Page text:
Snapchat – Good Fun or a False Sense of Security?

Snapchat is a hot app with young people around the world. In February of 2013, it boasted 60 million snaps sent per day, with over 5 billion snaps in total, and it’s still gaining in popularity. It's one of the top 20 apps in the US, with most users aged from teens to mid-twenties.

Funnily enough, plenty of parents haven't heard of it.

So what is Snapchat?

Essentially, it is a photo-sharing app with a twist. Snapchat lets you determine how long the recipient can view your picture or video, from 1 to 10 seconds. After that, it self-destructs. Young people love it for sending goofy selfies to one another for a laugh.

The app’s creators were aiming to combat the lack of privacy on Facebook and other social media platforms, where users’ data is collected, stored, analysed, and sold for the benefit of the platform. Today's young people are increasingly aware of their digital footprint, so the idea behind Snapchat is attractive. It’s like reclaiming privacy.

Except that it isn’t. Even Snapchat’s creators acknowledge that you can’t be 100 per cent sure that the recipient hasn’t saved your photo in some way—by screenshot or a snapshot of the photo taken with another device. Snapchat advises the sender with a message if the recipient takes a screenshot, which isn’t a problem if harmless hilarity is the point of the photo. Sometimes, the selfies aren't funny–they're “sexy.”

“The Sexting App”

Snapchat may have been devised with good intentions, but unfortunately some users have cottoned on to its usefulness in sexting. Sexting is when a person sends a naked, semi-naked, or sexually-suggestive photo of her/himself to another person by text message. Some have dubbed it “the new flirting,” a term which dangerously normalises the activity, particularly for the underaged.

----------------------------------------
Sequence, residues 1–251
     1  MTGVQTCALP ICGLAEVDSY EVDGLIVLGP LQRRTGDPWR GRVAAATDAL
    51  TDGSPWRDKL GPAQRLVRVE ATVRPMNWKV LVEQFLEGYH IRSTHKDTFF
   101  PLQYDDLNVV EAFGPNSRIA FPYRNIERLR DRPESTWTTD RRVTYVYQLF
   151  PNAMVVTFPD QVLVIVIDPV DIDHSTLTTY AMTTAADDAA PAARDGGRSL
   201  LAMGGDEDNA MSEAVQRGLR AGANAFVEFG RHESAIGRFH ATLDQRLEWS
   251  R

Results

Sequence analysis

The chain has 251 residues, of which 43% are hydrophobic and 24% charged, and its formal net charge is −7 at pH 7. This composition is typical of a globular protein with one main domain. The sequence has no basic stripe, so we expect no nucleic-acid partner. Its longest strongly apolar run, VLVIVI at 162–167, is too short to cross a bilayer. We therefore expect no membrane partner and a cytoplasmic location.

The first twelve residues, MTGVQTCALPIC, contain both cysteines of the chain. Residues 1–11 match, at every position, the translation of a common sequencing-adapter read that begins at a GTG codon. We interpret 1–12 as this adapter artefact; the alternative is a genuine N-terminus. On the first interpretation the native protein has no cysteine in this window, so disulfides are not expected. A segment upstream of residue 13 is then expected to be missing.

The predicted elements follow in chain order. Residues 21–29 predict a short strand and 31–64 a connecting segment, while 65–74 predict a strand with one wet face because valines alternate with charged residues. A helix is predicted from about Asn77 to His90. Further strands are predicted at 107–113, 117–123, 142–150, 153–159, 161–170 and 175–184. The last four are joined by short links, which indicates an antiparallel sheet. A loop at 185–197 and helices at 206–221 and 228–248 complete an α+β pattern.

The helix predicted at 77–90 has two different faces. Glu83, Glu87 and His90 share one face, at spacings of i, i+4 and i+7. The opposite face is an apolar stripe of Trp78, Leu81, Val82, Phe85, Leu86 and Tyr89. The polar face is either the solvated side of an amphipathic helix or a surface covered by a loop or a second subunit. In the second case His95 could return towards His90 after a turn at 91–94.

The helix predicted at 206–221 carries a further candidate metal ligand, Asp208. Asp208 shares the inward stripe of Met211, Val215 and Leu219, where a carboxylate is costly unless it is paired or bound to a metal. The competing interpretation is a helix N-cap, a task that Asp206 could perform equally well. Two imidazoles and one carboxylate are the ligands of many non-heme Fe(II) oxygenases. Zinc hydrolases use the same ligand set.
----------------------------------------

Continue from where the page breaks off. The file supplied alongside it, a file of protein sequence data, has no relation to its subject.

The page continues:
One Australian survey reported that 20% of teens were engaging in the practice. When the sender and/or receiver is underage, the activity can be considered trafficking child pornography, and both sender and receiver could be prosecuted. 2011 saw 459 reported cases of sexting in Queensland, the highest rate in the country (Australia) (Atkins, 2011).

False Sense of Security

Because Snapchat photos supposedly disappear, users feel more secure that their pictures won’t be used wrongly. The trouble is, of course, there are no guarantees. Recently, Rick Hickman, a forensics examiner proved he could recover data on an Android phone. Apparently, Snapchat photos don't self-destruct; rather, they hide in a folder on the cell phone–and Hickman has the specialised forensics software to extract them. His firm, Decipher Forensics in Utah, recovers supposedly deleted photos and other data from phones. His clients include courts, police, and parents, who are willing to pay around $400 for the service.

Teens need to know the photos never go away. Snapchat doesn't make any promises in its privacy policy, so don't risk it.

The Moral of the Snapchat Story

Don’t assume that the presence of a Snapchat app on your teen’s device is evidence of sexting. Lots of kids goof around with it harmlessly. However, statistically speaking, twenty per cent of teens are sexting, so heed your parental intuition. Either way, it is worth reminding all kids of the ancient Chinese maxim: If you don’t want anyone to find out, don’t do it.

Want to know more? Here's a great article with a short video about Snapchat.

More to worry about:
This video tells about a new website, Snapchat Leaked, that encourages people to post screenshots of snapchat sexts. If your teen has Snapchat, show them this video.









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